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Friday, March 19, 2010

Canada basks in record high temperatures

Canada basks in record high temperatures

Joggers make their way through Major's Hill Park in downtown Ottawa on Wednesday, when temperatures hit a high of 16 C. Joggers make their way through Major's Hill Park in downtown Ottawa on Wednesday, when temperatures hit a high of 16 °C. (Sean Kilpatrick/Canadian Press)

CBC News, March 17, 2010

Many Canadians enjoyed the warmest St. Patrick's Day ever Wednesday, with many places in the country logging record high temperatures with spring still officially a few days away.

In Halifax, Fredericton and Montreal the temperature reached 14 °C (57.2 °F), while Ottawa basked in 16 °C (60.8 °F), and folks in Rosetown, Sask., enjoyed 15 °C (59 °F) weather. Island Lake, Man., only needed to reach 7 °C (44.6 °F) to set an all-time high.

Toronto enjoyed a balmy 18 °C (64.4 °F), but it wasn't enough to beat the 1945 record high of 19.4 °C (66.9 °F).

The warmest March on record in many places so far, following an unusually warm winter, is all thanks to the climate pattern called El Nino, according to David Phillips of Environment Canada.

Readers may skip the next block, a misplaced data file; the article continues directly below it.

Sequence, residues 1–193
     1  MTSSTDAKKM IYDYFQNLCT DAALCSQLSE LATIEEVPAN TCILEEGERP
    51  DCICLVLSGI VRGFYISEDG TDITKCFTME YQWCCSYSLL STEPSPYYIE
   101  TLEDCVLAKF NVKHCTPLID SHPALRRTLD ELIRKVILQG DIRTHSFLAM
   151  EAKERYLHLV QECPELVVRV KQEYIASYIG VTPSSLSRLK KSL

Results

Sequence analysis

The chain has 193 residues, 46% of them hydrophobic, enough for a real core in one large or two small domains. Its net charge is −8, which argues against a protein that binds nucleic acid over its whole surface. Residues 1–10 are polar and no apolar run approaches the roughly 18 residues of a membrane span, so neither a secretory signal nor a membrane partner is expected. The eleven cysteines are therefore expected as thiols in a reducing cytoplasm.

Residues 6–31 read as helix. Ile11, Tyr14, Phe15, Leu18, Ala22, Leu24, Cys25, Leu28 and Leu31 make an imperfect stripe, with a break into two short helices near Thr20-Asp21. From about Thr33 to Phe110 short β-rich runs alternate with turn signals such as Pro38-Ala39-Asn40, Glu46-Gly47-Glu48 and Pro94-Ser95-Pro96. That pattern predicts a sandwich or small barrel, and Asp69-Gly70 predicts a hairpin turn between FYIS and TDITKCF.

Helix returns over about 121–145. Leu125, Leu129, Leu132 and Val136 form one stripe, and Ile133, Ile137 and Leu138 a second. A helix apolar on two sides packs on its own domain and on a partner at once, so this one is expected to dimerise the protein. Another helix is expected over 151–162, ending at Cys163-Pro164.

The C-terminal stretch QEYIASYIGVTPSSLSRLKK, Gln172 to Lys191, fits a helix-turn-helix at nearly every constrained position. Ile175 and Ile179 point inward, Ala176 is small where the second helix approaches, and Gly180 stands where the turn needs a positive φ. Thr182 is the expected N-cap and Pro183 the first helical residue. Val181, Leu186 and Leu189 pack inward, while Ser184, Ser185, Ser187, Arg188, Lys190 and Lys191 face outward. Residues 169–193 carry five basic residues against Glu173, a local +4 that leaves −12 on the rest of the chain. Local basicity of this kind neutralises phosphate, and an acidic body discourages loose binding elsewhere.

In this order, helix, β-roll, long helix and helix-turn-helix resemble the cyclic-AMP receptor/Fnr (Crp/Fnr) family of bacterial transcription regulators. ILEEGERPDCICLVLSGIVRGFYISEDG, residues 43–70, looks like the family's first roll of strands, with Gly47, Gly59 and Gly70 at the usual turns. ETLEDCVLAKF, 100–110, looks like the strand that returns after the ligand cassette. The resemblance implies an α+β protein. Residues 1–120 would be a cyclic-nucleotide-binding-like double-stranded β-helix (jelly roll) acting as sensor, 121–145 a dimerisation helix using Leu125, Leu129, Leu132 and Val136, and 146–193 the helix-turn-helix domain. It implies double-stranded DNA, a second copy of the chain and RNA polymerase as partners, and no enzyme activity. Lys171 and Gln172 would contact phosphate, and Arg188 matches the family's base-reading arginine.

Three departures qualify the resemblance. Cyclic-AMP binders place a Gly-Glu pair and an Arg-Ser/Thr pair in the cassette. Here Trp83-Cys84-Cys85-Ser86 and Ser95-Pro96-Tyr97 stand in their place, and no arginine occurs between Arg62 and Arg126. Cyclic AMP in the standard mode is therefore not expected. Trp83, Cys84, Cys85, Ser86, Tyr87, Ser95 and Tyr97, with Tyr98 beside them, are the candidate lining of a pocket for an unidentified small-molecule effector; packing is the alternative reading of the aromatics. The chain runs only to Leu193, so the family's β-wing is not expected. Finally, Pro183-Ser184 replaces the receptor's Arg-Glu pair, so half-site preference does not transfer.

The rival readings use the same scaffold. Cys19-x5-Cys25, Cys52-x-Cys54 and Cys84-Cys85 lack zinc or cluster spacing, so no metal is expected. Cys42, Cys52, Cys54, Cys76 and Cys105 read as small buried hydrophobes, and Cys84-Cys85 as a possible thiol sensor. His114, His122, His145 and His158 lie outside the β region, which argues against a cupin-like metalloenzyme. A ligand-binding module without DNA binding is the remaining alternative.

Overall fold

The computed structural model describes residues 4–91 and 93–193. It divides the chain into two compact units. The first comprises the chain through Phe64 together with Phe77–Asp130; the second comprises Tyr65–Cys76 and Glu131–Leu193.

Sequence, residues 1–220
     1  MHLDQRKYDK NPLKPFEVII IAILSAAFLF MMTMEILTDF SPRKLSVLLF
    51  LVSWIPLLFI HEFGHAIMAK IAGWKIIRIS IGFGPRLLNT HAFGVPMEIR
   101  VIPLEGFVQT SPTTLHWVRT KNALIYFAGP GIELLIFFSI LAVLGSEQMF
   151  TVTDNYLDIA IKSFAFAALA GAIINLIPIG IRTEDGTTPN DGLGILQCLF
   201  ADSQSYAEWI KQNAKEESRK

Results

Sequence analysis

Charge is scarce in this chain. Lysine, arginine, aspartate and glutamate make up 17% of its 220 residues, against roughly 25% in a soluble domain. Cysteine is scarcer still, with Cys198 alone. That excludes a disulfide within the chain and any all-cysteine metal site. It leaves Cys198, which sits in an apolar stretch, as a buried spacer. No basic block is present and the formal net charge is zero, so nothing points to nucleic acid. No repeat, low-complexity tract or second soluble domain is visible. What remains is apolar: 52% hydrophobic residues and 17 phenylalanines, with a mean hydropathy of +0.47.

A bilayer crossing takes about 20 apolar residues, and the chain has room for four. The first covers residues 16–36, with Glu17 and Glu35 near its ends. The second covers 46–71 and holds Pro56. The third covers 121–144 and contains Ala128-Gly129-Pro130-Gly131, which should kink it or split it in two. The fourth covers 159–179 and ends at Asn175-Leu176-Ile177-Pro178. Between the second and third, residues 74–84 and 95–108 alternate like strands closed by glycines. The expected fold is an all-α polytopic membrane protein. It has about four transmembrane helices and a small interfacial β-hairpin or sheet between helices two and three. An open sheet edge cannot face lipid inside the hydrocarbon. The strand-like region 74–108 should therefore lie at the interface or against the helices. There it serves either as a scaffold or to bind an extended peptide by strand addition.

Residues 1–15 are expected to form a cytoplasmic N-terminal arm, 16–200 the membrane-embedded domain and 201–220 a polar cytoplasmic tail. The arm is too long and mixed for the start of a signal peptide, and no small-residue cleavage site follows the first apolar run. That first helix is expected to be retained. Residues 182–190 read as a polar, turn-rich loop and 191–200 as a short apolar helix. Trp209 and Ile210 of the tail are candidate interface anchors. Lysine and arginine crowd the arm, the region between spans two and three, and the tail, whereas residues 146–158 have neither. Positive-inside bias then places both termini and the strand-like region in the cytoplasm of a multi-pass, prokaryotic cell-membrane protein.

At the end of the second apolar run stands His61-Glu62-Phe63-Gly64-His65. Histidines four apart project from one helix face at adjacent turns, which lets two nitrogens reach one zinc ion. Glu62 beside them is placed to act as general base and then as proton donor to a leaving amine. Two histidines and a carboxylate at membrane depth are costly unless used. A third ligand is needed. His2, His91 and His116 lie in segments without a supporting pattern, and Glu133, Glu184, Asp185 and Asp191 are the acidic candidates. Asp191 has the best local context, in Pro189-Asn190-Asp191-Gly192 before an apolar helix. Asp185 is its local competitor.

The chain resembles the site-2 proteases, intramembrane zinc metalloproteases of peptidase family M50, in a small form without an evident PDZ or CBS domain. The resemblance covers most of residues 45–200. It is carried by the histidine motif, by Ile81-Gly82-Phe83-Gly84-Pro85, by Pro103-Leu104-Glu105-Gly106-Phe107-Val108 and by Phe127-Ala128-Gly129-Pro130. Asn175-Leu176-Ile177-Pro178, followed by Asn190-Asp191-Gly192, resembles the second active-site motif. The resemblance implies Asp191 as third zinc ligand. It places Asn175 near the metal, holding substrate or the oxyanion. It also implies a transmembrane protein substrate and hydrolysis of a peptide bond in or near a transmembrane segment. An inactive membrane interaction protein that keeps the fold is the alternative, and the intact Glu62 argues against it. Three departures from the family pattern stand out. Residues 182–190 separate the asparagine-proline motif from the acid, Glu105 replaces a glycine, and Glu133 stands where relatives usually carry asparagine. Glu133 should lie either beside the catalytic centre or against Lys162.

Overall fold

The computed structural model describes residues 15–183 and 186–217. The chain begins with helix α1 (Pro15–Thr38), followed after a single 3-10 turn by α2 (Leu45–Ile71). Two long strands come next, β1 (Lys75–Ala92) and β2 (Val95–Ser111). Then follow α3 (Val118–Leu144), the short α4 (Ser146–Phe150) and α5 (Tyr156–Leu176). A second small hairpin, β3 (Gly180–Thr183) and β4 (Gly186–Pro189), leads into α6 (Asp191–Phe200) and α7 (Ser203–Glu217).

"Since the first of March, many areas in Canada are showing melting temperatures rather than freezing. This is not even maple syrup weather, which is plus-four, minus-four," he said. "We're seeing double digit temperatures … record temperatures across the country."

But those temperatures are creating havoc in some parts of the country.

In northern Manitoba, truck drivers are rushing to deliver food and supplies to remote communities cut off by the melting snow.

"We'd have guys that would literally go there, drop off, and come back and catch four hours of sleep and go right back out again," said Mark Kohaykewych.

In Sudbury, wildlife biologist Joseph Hamr would normally be out in the woods this time of year placing collars on bears about to come out of hibernation, so they can be tracked through the year. This year, the bears are already out of their dens, weeks early.

"It's quite unusual. Normally bears would come out of their dens … anytime from the beginning to mid-April. It would be the large males that would come out first and the females with their cubs would come out later," said Hamr.

The warm, dry weather has already contributed to several grass fires, including one just north of Halifax that destroyed a trailer home.

The record warm trend will likely continue through the spring and summer, according to Phillips.

"We may see wildfires burning across the country, not just in British Columbia. And of course, water levels, irrigation, sport fishing, power production, [will] all [be] affected because we had this unusually warm and dry winter."

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